Study discovers natural hybridization produced dolphin species
A newly published study on the clymene dolphin, a small and sleek marine mammal living in the Atlantic Ocean, shows that this species arose through natural hybridization between two closely related dolphins species, according to authors from the Wildlife Conservation Society, the American Museum of Natural History's Sackler Institute for Comparative Genomics, the University of Lisbon, and other contributing groups.
In a molecular analysis including the closely related spinner and striped dolphins, scientists conclude that the clymene dolphin is the product of natural hybridization, a process that is more common for plants, fishes, and birds, but quite rare in mammals.
The study appears in the online journal PLOS ONE. The authors include: Ana R. Amaral of the University of Lisbon, Portugal, and the American Museum of Natural History; Gretchen Lovewell of the Mote Marine Laboratory; Maria Manuela Coelho of the University of Lisbon; George Amato of the American Museum of Natural History; and Howard Rosenbaum of the Wildlife Conservation Society and American Museum of Natural History.
"Our study represents the first such documented instance of a marine mammal species originating through the hybridization of two other species," said Ana R. Amaral, lead author of the study and research associate at the American Museum of Natural History. "This also provides us with an excellent opportunity to better understand the mechanisms of evolution."
The classification of the clymene dolphin has been a longstanding challenge to taxonomists, who initially considered it to be a subspecies of the spinner dolphin. Then in 1981, thorough morphological analyses established it as a recognized distinct species. In the current study, researchers sought to clarify outstanding questions about the dolphin's origin and relationships with rigorous genetic analyses.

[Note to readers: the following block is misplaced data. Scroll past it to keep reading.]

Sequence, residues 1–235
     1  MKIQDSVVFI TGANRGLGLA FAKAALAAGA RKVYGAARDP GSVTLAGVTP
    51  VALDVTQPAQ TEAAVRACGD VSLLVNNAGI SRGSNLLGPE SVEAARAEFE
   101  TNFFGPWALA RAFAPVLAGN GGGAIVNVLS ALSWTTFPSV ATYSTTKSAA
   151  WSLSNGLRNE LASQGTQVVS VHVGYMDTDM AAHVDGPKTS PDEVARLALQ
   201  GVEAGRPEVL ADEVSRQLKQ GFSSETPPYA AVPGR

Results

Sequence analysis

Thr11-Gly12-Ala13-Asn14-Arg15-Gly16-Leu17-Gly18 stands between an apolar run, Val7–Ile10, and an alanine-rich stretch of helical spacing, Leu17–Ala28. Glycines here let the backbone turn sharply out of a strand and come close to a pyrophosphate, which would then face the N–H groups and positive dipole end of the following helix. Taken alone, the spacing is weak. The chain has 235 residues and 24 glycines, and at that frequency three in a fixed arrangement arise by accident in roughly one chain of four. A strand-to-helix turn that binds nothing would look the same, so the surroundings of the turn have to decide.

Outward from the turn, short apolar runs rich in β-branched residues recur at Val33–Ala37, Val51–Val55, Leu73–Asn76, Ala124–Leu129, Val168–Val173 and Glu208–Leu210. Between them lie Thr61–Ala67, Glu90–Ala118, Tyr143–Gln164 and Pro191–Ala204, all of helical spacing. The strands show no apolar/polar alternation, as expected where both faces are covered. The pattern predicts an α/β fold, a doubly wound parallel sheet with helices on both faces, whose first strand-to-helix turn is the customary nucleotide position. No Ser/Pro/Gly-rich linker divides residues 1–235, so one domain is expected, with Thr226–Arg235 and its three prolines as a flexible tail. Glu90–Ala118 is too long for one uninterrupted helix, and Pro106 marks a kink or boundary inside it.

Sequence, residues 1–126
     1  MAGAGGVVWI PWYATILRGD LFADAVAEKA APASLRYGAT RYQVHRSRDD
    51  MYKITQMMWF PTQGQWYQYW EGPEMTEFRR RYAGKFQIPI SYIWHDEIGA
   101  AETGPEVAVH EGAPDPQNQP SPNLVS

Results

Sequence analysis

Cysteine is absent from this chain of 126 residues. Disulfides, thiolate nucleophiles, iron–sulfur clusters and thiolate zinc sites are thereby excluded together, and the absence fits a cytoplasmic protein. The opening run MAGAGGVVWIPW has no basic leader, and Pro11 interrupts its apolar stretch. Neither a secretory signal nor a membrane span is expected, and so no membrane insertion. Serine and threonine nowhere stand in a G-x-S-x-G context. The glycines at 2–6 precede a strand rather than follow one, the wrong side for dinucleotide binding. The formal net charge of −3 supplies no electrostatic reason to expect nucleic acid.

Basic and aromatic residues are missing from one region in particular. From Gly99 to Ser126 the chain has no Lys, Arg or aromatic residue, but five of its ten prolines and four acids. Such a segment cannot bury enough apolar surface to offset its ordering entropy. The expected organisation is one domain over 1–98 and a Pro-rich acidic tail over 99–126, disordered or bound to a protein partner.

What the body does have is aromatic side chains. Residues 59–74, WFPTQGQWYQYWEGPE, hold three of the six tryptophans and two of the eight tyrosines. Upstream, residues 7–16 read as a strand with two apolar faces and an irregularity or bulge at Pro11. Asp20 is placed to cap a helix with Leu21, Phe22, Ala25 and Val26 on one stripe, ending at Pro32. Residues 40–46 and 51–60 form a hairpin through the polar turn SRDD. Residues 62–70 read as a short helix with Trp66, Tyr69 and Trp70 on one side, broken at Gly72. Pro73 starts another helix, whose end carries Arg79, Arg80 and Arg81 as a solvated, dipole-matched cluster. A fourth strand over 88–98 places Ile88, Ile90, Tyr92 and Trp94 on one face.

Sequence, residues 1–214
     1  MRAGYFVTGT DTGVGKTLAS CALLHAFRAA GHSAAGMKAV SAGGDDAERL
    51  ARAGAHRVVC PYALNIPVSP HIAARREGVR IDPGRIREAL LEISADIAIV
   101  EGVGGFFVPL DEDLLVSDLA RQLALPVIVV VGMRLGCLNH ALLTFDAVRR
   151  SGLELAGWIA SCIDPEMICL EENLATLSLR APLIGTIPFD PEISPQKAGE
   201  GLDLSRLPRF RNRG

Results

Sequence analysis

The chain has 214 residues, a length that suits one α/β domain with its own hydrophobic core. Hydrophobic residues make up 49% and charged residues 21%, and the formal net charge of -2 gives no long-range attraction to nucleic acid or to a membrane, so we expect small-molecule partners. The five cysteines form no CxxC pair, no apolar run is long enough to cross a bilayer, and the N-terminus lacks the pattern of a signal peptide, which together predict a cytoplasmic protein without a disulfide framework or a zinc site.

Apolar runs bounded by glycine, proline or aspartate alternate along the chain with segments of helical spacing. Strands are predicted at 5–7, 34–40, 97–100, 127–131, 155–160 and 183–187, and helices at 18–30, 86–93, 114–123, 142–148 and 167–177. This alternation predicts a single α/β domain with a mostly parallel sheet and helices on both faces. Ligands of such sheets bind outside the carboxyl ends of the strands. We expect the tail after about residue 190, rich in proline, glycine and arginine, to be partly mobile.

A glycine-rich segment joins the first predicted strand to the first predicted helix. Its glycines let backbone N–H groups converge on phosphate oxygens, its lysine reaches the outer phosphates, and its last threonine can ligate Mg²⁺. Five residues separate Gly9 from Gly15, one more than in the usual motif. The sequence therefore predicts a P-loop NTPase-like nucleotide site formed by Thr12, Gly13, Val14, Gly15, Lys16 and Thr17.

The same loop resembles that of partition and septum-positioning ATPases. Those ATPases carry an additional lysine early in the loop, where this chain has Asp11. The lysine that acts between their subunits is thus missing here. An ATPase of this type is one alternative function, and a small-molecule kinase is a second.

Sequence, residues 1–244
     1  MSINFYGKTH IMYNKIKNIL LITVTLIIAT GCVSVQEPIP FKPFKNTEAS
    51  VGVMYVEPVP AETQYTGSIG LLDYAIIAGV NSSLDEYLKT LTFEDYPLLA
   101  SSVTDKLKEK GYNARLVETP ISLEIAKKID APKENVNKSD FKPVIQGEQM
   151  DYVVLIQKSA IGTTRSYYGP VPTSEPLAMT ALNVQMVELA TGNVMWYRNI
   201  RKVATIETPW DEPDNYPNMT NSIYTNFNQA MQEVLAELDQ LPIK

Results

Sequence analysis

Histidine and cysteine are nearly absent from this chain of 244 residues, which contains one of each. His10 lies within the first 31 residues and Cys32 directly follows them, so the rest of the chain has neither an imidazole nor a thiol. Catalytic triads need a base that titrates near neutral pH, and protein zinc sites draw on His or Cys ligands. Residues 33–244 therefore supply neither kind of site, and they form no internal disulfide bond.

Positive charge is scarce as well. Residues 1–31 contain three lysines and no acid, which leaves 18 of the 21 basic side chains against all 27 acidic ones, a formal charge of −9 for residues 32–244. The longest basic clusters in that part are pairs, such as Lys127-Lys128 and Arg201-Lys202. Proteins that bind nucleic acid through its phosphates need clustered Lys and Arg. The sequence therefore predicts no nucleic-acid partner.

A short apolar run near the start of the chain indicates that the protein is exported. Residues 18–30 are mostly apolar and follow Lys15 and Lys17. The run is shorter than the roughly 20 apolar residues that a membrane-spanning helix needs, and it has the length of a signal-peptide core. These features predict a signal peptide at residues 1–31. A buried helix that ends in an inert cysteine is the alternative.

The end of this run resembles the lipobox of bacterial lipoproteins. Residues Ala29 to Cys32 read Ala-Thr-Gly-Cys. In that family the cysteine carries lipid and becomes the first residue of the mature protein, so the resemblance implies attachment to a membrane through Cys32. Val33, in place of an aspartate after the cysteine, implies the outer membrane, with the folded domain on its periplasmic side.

"With its similar physical appearance to the most closely related species, our genetic results now provide the key insights into this species origin" said Dr. Howard Rosenbaum, Director for WCS's Ocean Giants Program and a senior author on the study. "Very little is known about the clymene dolphin, whose scientific name translated from Greek is oceanid, but ironically also can mean fame or notoriety. Hopefully, our work will help draw greater attention to these dolphins in large parts of their range."
Based on research conducted at the American Museum of Natural History's Sackler Institute for Comparative Genomics, the authors examined the nuclear and mitochondrial DNA from skin samples obtained from both free-ranging dolphins by means of biopsy darts and deceased dolphins obtained through stranding events. Using samples from 72 individual dolphins (both clymene dolphins and the closely related spinner and striped dolphins), the researchers amplified one mitochondrial DNA marker and six nuclear DNA markers as a means of analyzing the evolutionary relationship between the clymene dolphin and its closest relatives.
The level of discordance among the nuclear and mitochondrial markers from the three species, the authors assert, is best explained as an instance of natural hybridization. Specifically, the team discovered that while the mitochondrial genome of the clymene dolphin most resembled the striped dolphin, the nuclear genome revealed a closer relation to the spinner dolphin. The authors also noted that continued hybridization may still occur, although at low levels.
The clymene dolphin grows up to nearly seven feet in length and inhabits the tropical and temperate waters of the Atlantic Ocean. Threats to the species include incidental capture as bycatch in fishing nets, which in some parts of the range has turned into direct hunts for either human consumption or shark bait.